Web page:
160G/8mb-cache Faceoff: Samsung vs. Seagate

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April 9, 2004 by Edward Ng

Seagate Barracuda 7200.7 and Samsung SP Series hard drives are topics of endless discussion in the SPCR forums. We have also featured reviews of these drives, some in direct comparison. However, this is the first time that we're considering the current ATA performance leaders of each series, head to head. This article is Edward Ng's debut as a writer in the main site of SPCR. Forum regulars will surely be familiar with Ed, who has been very active in the forums. -- Mike Chin, Editor.

This test compares the following hard drives:

  • Seagate's Barracuda 7200.7 series, model ST3160023A and
  • Samsung's SpinPoint SP1614N

Both drives are 160GB in capacity. Both drives have 8MB of cache. Both drives use dual double-sided 80GB platters, totaling four heads each. Finally, they both have UltraATA/100 interfaces.

The test took place across two separate platforms. I performed the performance tests on my system, Alpha Three, by disconnecting the optical drive and then installing each drive on its own channel on the southbridge PATA controller. Each drive rested on top of a Seagate SeaShell container on a wooden floor, as pictured above (that piece of foam was just to make sure the camera autofocused properly), and here:

The USB floppy drive was used to boot into Hitachi Disk Feature Utility to check Automatic Acoustic Management options on both drives. Many modern hard drives have AAM, which trades a bit of the drive's performance for much quieter seek operation by reducing head movement noise.

The reason why I chose to use Alpha Three as the performance test platform is because I wanted to eliminate the possibility of a system bottleneck affecting results. Alpha Three's performance is fast enough that there is no way it would hold the drives back.

The Samsung's feature listing showed as follows:

Whereas the Seagate's listing shows this:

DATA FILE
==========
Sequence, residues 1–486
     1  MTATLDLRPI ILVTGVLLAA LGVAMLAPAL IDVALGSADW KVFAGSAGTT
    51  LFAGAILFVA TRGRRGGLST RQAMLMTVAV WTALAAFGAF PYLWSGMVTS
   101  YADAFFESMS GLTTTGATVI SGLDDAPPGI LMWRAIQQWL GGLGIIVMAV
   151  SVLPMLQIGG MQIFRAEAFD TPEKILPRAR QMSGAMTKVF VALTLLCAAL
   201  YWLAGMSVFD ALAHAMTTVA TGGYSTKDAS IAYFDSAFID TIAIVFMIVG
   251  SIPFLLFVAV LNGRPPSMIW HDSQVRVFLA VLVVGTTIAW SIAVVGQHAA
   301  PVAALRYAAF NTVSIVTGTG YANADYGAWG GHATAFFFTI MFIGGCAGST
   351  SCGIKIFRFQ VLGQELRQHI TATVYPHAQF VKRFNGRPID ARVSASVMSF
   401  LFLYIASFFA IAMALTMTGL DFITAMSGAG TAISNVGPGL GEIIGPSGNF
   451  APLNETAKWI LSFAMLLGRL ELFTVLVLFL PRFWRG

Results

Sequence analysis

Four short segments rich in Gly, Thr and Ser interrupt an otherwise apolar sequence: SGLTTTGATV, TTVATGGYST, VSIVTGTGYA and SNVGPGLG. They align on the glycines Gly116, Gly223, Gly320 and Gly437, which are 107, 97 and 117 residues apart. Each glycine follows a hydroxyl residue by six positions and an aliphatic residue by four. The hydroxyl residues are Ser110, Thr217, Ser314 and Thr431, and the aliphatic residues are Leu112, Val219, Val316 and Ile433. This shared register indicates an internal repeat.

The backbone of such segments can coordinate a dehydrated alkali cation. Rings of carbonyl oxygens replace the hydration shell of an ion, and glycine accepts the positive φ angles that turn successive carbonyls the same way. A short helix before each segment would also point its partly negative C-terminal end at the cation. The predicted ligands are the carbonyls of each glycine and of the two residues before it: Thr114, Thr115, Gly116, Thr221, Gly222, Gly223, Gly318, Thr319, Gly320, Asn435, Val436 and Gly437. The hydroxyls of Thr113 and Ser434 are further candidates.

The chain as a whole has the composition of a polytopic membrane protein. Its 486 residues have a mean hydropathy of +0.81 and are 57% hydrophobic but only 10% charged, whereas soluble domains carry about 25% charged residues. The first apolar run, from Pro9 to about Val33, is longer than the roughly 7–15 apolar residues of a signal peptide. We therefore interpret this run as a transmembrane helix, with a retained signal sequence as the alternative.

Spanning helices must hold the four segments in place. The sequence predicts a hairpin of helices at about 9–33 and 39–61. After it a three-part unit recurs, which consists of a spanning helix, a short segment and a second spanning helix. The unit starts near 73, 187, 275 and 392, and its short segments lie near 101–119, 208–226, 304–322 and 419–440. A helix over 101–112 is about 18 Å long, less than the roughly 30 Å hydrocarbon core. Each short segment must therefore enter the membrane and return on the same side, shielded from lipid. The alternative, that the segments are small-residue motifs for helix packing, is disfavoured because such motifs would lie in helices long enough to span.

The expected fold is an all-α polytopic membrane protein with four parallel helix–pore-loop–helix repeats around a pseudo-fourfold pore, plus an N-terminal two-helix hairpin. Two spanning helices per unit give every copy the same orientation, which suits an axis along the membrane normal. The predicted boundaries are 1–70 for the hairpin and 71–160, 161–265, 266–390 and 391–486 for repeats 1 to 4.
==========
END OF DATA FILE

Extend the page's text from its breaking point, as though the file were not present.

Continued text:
Notice that the SpinPoint offers AAM control, while the Barracuda's AAM function has been disabled. According to this forum thread over at StorageReview, Seagate has the PATA version of the 160GB Barracuda permanently set for low-noise, while the SATA version is locked to high performance mode. I'm not entirely sure whether or not to believe it, but we can let the benchmark results speak for themselves.

(EDITOR'S NOTE: Several commercial system integrators that I contacted were of the opinion that AAM is NOT enabled in any 7200.7 drive. Seagate's AAM is the subject of a lawsuit; their disuse of this feature is pending the outcome of the case. However, it appears that, at least until fairly recently, OEM buyers could order large batches of the Seagate drive custom configured to their requirements. This means, for example, that HP or Dell might purchase 20,000 80G Barracuda 7200.7 with AAM permanently enabled. If excess inventory is produced, and that inventory makes it to the grey market, then you'd find AAM enabled 7200.7 drives from a few retailers for a brief period.)

Here is a shot of the control screen for the Samsung's AAM function:

And this is what happens if you try to adjust the AAM on the Seagate:

SPCR's focus is silence; in the spirit of silence, I performed all tests on the Samsung for this comparison with AAM set for minimum noise.

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